Health Warnings in LCC Influencer Posts

In total, we identified 1549 LCC posts from influencers who were tagged by the 3 leading LCC brand Instagram pages. Manual coding revealed that 889 posts (470 Backwoods influencer posts, 60 Swisher Sweets influencer posts, and 359 Dutch Masters influencer posts) featured either cigar smoking or LCC brand–related events. Among the retained 889 LCC influencer posts, manual coding identified 79 posts that contained health warnings. When using the WaLi computer vision algorithm for the 889 LCC branded influencer posts, it successfully captured health warnings in 73 out of the 79 coder-identified posts. The computer vision method failed to detect health warnings in only 6 posts because the health warnings were either too blurry or too small (Figure 3). Thus, the overall accuracy of using computer vision to detect the presence or absence of health warnings in our data set was 99.3%. Subsequent analyses were based on the results reported by the computer vision analysis.

Only 8.2% (n=73) of the LCC influencer posts contained a health warning. Among these 73 posts, the health warning label occupied an average of 8.2% of the area of the post. Specifically, only 4.1% (n=3) of LCC influencer posts included a health warning that occupied at least 20% of the total post, as required by the FDA for advertisements of roll-your-own tobacco and cigarettes [30]. Only 23.3% (n=17) of the posts placed a health warning in the upper area of the post per FDA requirement. Overall, among the 889 identified influencer posts of LCCs on Instagram, only 1 (0.1%) fully met the FDA requirements for health warning labels in tobacco advertising for roll-your-own tobacco and cigarettes, containing a health warning that constitutes at least 20% of the area of the post, and placing the label in the upper portion of the post.

Figure 3. Examples of posts in which Computer Vision failed to detect the presence of health warnings.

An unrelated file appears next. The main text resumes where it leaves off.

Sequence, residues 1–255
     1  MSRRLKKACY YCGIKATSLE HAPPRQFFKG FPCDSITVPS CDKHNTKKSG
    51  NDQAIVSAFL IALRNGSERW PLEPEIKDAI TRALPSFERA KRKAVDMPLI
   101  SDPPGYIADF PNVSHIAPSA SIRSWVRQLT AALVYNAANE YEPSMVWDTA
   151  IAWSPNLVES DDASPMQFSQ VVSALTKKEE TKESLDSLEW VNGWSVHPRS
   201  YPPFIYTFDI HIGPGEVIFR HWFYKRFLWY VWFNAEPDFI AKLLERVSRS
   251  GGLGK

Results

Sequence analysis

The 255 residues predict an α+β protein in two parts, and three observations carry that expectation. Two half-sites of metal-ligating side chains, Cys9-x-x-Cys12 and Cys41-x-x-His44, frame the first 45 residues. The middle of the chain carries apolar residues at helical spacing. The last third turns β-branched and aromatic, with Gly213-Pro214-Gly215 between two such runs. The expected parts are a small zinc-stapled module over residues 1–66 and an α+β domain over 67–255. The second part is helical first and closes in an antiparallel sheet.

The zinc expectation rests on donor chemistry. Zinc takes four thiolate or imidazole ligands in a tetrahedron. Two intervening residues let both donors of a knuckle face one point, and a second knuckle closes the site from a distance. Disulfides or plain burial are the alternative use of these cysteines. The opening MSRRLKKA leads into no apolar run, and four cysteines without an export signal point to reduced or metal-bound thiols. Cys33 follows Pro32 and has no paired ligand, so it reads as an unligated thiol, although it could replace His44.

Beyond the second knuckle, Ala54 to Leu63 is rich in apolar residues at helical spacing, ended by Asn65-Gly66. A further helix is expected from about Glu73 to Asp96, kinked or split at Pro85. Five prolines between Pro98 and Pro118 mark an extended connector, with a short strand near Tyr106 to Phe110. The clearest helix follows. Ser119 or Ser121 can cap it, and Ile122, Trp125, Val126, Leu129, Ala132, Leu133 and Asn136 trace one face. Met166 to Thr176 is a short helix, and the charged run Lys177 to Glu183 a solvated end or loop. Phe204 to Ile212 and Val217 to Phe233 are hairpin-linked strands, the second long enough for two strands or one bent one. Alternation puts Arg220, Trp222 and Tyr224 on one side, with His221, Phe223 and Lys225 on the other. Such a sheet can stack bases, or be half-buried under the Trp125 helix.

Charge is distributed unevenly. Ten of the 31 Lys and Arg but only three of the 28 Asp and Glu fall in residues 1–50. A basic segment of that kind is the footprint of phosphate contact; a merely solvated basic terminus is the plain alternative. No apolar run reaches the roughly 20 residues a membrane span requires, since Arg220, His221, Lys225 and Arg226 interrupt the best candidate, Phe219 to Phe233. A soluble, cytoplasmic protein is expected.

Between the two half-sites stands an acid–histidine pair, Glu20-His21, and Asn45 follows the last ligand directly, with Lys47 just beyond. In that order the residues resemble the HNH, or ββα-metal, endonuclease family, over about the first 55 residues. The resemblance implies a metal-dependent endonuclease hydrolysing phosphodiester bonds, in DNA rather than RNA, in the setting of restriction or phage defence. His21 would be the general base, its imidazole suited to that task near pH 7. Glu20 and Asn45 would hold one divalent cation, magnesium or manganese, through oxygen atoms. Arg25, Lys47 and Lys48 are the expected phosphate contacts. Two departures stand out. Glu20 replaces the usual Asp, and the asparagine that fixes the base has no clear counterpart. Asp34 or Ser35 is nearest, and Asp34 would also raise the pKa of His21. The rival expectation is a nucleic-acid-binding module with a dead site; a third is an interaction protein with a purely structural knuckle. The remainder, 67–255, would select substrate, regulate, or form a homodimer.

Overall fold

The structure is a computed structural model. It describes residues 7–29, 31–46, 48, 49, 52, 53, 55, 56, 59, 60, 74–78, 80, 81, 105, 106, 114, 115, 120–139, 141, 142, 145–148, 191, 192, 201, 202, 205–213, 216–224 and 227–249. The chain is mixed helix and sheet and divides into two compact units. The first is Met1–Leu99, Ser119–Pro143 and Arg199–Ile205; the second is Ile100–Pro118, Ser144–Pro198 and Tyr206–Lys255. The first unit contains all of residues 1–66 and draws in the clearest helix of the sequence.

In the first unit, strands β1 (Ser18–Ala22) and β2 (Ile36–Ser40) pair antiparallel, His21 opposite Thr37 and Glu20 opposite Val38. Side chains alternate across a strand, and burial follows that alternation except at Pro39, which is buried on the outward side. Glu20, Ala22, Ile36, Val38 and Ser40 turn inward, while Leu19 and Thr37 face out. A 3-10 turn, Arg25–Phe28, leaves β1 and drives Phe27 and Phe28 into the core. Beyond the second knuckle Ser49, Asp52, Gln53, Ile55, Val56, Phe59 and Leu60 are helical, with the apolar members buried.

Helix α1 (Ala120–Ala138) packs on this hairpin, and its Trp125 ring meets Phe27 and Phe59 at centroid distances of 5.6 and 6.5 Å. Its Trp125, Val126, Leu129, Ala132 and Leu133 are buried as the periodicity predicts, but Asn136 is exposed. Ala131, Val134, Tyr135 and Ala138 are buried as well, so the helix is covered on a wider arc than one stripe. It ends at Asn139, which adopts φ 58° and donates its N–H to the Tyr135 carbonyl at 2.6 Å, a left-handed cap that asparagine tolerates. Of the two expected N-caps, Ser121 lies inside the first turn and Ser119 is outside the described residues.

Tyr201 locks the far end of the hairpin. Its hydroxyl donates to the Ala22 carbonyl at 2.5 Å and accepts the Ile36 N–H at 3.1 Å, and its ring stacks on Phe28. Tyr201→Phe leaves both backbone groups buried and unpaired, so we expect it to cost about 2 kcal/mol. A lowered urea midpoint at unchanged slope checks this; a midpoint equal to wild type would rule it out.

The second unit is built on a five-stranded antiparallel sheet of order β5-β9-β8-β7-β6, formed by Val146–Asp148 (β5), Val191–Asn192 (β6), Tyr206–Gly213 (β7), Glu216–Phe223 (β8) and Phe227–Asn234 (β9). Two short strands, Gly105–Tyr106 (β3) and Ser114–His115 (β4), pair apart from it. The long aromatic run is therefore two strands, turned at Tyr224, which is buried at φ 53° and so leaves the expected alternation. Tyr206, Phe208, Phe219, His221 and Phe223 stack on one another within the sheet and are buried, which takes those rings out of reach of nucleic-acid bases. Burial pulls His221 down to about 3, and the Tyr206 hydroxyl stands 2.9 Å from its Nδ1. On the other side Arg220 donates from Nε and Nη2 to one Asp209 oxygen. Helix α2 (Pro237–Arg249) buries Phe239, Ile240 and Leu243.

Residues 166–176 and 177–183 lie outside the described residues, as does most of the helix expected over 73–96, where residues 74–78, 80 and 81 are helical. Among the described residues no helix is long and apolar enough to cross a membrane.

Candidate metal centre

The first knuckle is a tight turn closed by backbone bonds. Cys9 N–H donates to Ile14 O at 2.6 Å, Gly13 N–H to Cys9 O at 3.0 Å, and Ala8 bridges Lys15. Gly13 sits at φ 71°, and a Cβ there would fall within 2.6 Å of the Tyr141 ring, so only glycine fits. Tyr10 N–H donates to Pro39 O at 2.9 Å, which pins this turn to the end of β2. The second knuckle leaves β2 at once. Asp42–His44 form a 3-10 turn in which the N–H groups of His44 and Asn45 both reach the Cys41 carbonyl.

Association of Health Warnings With LCC Influencer Post Engagement

In negative binomial analyses, influencer posts that contained health warnings received fewer likes (IRR 0.59, P<.001, 95% CI 0.48-0.71) and fewer comments (IRR 0.46, P<.001, 95% CI 0.31-0.67) than those that did not contain health warnings, after adjusting for the number of account followers and LCC brand. Holding the number of followers and LCC brand constant, the presence of a health warning in an LCC influencer post was associated with a 41% decrease in the rate of likes and a 54% decrease in the rate of comments.

Developing and using an innovative computer vision method—WaLi—our study evaluated the use of health warnings in LCC influencer promotions on Instagram and the association of health warnings with post engagement. We found that few LCC influencers’ promotional posts contained a health warning. Additionally, we evaluated the location and size of warnings in LCC influencer posts in accordance with the FDA's warning requirements for roll-your-own tobacco and cigarette advertising. Even though LCC influencer promotions currently fall outside the scope of the FDA health warning requirements, our findings reveal that a very small number of LCC influencer posts met the requirement for using health warnings that constitute 20% of the advertisement's area and are located in the upper portion of the advertisement. Notably, the presence of health warnings in LCC influencer promotional posts was associated with less post engagement, including fewer likes and comment counts.

The current federal laws require warnings on advertisements for tobacco products but do not specify whether the rules apply to social media advertising [29,30]. Our findings support the use of health warnings in tobacco branded content and influencer promotions on social media. We found that the presence of health warnings in LCC influencer posts was associated with lower post engagement (ie, likes and comments). Our research builds upon previous research, which demonstrated that exposure to and engagement with social media–based tobacco marketing, including social media marketing, is associated with tobacco product use among US youths [23,24].